20 parenting moments I don’t want to forget

20 parenting moments I don't want to forget

I’ve been talking a lot about some the harder parts of parenting, so I’m trying to add a few happy posts to balance it all out. To quasi-quote Obi-Wan Kenobi, I would like to bring balance to the force, not leave it in darkness.

Obi Wan Kenobi

Sure, I still have to wipe a lot of bottoms and noses and clean up the odd bit of sick. Yes, it’s true that they both wake up multiple times every night and I am always tired. But there are some wonderful things happening right now, and some things that happened not too long ago that I want to hold in my heart forever.

I wish I could bottle these things and save them for later when they’re long gone. There are hundreds of photos and videos, but some moments can’t be captured by a camera.

So here is my list of 20 early years parenting moments that I don’t want to forget:

  1. When one of them sits on my lap and I bury my face in his hair. The smell of the baby shampoo and the soft texture of the babyish hair (never mind the possibility of the odd nit).
  2. The half-a-minute each day when my boys show their brotherly love for each other – a shy little cuddle, sharing a bit of food, or playing nicely without it ending in a screamfest.
  3. The way my toddler dances with pure joy to any music at all. Even the ring of a mobile phone.
  4. All four of us snuggling in bed together in the early hours of the morning.
  5. The way my eldest never stops talking and loves to explain how things work (putting his own fanciful take on it, of course).
  6. Hugging both of them on the sofa and watching kid’s movies on lazy Sunday afternoons.
  7. The snorty mcsnuffles sound my youngest makes while contentedly sucking his dummy.
  8. The day each of them first gripped my finger with their tiny hands when they were newborns.
  9. The feeling of having them fall asleep in my arms.
  10. My toddler’s hilarious forays into talking (yelling ‘caaat’ at the cat and saying ‘beep’ while touching your nose), which he refuses to perform while the camera is recording.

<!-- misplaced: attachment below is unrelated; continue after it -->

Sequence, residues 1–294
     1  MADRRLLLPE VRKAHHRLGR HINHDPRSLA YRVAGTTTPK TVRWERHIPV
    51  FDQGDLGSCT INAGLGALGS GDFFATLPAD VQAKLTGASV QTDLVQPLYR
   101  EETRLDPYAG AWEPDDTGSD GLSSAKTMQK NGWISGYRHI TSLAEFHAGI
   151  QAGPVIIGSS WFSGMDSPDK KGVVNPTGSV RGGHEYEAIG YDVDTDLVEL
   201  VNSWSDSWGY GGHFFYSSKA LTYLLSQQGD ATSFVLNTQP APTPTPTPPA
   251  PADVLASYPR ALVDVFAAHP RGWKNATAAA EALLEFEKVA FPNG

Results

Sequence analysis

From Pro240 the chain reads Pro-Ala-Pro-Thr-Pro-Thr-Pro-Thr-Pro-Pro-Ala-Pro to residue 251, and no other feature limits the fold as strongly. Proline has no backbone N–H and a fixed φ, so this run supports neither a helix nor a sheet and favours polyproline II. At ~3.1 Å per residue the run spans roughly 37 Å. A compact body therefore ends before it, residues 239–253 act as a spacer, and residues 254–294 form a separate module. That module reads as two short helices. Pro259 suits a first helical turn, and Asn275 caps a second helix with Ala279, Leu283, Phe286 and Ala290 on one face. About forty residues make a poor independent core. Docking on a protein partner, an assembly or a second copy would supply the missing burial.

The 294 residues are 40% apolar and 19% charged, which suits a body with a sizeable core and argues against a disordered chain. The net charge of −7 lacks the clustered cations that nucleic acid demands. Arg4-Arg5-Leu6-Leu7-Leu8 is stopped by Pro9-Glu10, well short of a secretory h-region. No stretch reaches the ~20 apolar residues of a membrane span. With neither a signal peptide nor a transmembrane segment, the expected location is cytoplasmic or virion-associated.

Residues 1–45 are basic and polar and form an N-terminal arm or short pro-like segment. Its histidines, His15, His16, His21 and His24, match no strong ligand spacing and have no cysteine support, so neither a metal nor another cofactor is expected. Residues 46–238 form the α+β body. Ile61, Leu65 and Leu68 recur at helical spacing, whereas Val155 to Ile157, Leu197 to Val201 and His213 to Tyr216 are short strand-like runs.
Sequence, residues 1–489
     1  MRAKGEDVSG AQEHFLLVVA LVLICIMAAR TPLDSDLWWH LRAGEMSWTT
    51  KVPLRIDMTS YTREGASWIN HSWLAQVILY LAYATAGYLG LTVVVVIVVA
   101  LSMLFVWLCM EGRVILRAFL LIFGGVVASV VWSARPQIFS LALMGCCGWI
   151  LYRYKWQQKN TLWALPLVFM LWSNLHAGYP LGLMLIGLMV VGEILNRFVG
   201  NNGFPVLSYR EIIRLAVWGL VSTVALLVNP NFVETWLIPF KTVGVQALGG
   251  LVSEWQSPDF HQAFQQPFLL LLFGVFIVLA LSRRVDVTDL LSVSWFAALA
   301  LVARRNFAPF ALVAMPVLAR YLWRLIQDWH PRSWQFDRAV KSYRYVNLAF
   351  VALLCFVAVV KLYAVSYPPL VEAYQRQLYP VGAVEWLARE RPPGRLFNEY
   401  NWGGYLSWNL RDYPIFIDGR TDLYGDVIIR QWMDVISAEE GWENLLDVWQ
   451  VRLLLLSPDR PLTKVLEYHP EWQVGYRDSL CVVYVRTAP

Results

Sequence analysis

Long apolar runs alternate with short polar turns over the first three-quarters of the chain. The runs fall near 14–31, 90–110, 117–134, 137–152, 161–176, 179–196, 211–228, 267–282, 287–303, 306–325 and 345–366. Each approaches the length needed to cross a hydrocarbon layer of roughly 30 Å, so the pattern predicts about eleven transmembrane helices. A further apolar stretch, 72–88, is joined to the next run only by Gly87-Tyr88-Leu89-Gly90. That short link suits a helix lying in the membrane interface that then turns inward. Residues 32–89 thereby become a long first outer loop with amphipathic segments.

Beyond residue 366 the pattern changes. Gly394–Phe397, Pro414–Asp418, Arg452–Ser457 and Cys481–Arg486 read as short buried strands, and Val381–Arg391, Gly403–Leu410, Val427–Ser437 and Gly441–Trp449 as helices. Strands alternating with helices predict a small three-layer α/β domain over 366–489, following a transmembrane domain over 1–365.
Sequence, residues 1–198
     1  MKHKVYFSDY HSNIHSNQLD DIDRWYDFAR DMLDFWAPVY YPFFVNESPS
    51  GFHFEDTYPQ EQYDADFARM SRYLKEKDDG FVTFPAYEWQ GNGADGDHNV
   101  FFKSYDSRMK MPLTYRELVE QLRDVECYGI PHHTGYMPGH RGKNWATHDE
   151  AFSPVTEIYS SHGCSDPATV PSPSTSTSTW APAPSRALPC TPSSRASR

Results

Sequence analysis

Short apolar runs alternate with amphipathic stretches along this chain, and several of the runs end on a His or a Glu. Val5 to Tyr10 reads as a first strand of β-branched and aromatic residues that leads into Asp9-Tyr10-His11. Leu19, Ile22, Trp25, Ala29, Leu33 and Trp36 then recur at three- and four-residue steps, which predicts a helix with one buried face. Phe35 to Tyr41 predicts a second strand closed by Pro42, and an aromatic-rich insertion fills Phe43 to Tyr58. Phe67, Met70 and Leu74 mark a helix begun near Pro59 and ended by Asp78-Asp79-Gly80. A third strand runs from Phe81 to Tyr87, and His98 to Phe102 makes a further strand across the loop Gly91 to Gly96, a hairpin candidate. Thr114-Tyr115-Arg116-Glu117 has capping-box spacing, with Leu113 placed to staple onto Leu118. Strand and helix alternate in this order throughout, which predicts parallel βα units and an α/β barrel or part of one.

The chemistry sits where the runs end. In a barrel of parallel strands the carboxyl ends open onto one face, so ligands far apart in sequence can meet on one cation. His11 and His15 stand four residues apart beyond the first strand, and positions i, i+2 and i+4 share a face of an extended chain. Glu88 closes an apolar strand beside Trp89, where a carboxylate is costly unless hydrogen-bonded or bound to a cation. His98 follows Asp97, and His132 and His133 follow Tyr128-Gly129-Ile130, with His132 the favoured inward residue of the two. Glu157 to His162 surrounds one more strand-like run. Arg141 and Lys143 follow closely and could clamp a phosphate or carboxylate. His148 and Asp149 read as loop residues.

11. Watching CBeebies. My eldest is starting to move on to CBBC and I’m really going to miss Mister Maker and Iggle Piggle.
  12. The way my boys cuddle their soft toys. We grow up to think boys aren’t as sentimental as girls but that is not how it begins.
  13. Getting to choose what clothes they wear every day.
  14. Reading them stories. My eldest is starting to read the stories to me now, which is also nice, but I was loving the sound of my own voice. 😉
  15. Holding their little hands. Having them not be ashamed to hold my hand anytime in public.
  16. Having them jump into my arms when I pick them up from childcare/school.
  17. Answering endless “why” questions.
  18. The way they play so happily together when they’re in the bath. I often dread bathtime, but someday they’ll be too big for bathtime together with mummy presiding.
  19. The way my eldest says “I love you mummy”. And I say “I love you too”. Then he says, “That’s great.”
  20. Singing them to sleep.

What are your favourite moments with your children? If you could bottle one thing from their early years, what would it be?

Obi-Wan photo by Wacko Photographer [CC BY-SA 2.0 (http://creativecommons.org/licenses/by-sa/2.0)%5D, via Wikimedia Commons

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New mums and mental health

A guest post by Sally Hogg

I remember when my son was born, people kept asking ‘are you enjoying being a mum?’ The answer in the very early days, was probably ‘no’. It got better, but it wasn’t fun at first. Yes, he was absolutely amazing and wonderful. But I hurt. I kept crying for no reason. I was so very, very tired. I worried whether I was doing things right, and – to be honest – I missed my old life. This was a momentous time, but it wasn’t enjoyable at first.

But I never said ‘no’ to that question. It was loaded with expectation. Asked by grannies, aunts and older mums who look back at motherhood through rose-tinted glasses.

Are you enjoying being a mum? New mums & mental health

There are many reasons why it’s hard to admit that you’re not having a great time as a new mum. It seems as if everyone else is doing fine and having a magical time. It seems like everyone expects you to be on top of the world, and it feels like failing – and perhaps a betrayal of your baby – to say that you are struggling.